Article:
Leilah Danielson, American Gandhi: A. J. Muste and the History of Radicalism in the Twentieth Century

By Powell, Christopher | Labour/Le Travail, Spring 2016 | Go to article overview

Leilah Danielson, American Gandhi: A. J. Muste and the History of Radicalism in the Twentieth Century


Powell, Christopher, Labour/Le Travail


Leilah Danielson, American Gandhi: A. J. Muste and the History of Radicalism in the Twentieth Century (Philadelphia: University of Pennsylvania Press 2014)

Those familiar with the history of the anti-Vietnam War movement would know the name Abraham Johannes (A.J.) Muste. So too would scholars of the civil rights movement, the pre-Vietnam peace movement, pacifism in America, and American Protestantism. Muste lived a long and active life. At the time of his death in 1967 he led America's largest antiwar coalition. But from 1919 to 1936 Muste committed himself to the labour movement. Yet, asserts historian Leilah Danielson, "there is virtually no historical memory of [Muste] as a labor leader." (336-337) Her biography of him, American Gandhi: A.J. Muste and the History of Radicalism in the Twentieth Century has corrected this sin of omission.

Danielson places Muste's life within the context of his religious convictions. "Muste was a prophet," argues Danielson; "he drew upon his Christian faith and the example of the Hebrew prophetic tradition to call the American people to righteousness, to repent of their sins and build a new world where," according to the prophet Micah, "'every man would sit under his own vine and fig tree and none should make them afraid.'" (1)

Born in Zierikzee, Netherlands, in 1885, Muste immigrated with his working-class family to the United States at the age of six where he was raised and educated in the Dutch Reform tradition. Valedictorian of his high school class, he took degrees from New Brunswick Theological Seminary, New York University, Columbia, and Union Theological Seminary. Early, he rejected fundamental Reform theology and embraced pacifism. In 1916 he joined the newly-established Fellowship of Reconciliation (for). Once America entered the war, rather than modify his pacifist preaching as requested by his church, he resigned as minister, assisted those evading the draft, and played a leading role in the establishment of the American Civil Liberties Union. In 1919 he assumed the leadership of a textile workers strike in Lawrence, Massachusetts. He organized the Amalgamated Textile Workers of America and was appointed chair of Brookwood Labor College. Under his leadership, Brookwood "anticipated" Antonio Gramsci's ideas of culture and hegemony a decade prior to the emergence of the Congress of Industrial Organizations and the cultural front. (67)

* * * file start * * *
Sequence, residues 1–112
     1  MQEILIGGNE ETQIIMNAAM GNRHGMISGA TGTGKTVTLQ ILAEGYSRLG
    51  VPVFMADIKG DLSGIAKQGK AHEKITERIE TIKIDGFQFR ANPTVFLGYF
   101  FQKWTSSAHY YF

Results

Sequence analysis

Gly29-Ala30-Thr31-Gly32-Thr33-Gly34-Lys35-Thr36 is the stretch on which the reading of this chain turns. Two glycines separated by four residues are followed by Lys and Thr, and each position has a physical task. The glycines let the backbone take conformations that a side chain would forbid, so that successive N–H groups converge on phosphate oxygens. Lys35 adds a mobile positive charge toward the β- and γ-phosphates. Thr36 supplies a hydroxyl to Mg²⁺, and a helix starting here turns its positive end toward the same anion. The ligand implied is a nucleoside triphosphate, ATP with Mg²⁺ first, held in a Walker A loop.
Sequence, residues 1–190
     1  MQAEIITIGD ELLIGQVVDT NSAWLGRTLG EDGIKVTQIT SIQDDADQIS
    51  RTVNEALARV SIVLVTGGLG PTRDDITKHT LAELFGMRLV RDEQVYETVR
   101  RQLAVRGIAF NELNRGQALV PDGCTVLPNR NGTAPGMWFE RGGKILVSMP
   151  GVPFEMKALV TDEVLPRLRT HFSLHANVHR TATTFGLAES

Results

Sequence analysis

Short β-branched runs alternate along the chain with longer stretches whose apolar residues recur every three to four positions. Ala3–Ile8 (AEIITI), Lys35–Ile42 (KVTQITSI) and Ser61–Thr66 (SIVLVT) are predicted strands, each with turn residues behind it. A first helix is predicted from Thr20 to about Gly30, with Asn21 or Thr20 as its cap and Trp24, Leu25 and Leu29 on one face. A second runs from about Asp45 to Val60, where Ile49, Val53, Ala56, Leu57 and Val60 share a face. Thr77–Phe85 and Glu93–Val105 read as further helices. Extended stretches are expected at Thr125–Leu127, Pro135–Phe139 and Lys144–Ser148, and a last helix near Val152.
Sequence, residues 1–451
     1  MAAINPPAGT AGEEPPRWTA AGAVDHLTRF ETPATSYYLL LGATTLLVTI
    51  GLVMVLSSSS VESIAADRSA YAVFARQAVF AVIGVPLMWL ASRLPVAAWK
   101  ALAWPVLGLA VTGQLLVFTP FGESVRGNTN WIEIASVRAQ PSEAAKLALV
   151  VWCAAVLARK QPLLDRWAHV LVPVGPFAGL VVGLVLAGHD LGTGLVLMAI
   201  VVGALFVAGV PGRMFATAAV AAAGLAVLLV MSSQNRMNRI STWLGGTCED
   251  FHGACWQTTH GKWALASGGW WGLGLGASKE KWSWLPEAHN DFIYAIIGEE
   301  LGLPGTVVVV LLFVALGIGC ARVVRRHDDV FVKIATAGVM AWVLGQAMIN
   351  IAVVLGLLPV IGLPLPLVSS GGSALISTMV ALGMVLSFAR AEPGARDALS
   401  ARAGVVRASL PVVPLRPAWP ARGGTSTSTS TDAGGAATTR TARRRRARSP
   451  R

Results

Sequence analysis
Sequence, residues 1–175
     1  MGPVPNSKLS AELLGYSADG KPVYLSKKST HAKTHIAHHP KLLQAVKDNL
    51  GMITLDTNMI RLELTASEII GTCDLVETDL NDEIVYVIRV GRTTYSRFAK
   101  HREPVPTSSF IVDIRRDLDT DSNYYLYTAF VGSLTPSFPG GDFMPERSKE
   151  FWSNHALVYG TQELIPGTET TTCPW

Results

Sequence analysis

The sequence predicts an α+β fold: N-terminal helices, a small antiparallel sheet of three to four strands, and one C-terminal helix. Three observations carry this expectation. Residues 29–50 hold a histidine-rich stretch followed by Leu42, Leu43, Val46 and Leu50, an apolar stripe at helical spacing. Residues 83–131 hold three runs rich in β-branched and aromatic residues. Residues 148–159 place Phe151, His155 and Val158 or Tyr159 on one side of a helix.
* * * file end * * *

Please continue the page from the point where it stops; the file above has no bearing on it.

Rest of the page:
In the late 1920s Muste organized the Conference for Progressive Labour Action (CPLA). Independent of the Communists on the left, and the American Federation of Labor on the right, the CPLA originally described itself as "flexible and democratic." But as Muste exchanged his Christian and pacifist ideals for those of Marx and Lenin, the CPLA came to define itself as a "permanent, revolutionary, vanguard organization," under Muste's control. (154) In 1934 he merged the organization, now the American Workers Party, with the Trotskyist Communist League of America to become the Workers Party of the United States (WPUS). Danielson describes the organization as "Bolshevik." Trotskyist leader James Cannon described the merger as an attempt to "remove a centrist obstacle from our path." (192) In February 1936, the WPUS executed what it called a "French Turn," disbanding the organization, ordering its members to join the Socialist Party (sp) where, as a faction, they would capture it. Muste strongly opposed the idea, saying it violated "working-class ethics," but when he lost the vote he dutifully joined the sp and faithfully attended his faction meetings. (194) By the spring, "surrounded by comrades he viewed as untrustworthy and cruel," and a member of the sp, a party he had always loathed, Muste, in the tradition of the Hebrew prophets, heard the voice of God. He returned to the church. (198)

Curiously, given that the period 1936-1940 was America's golden age of labour and the left, Danielson tells us very little of Muste's life during this period other than him being reinstated as a minister and teaching at Union Theological. …

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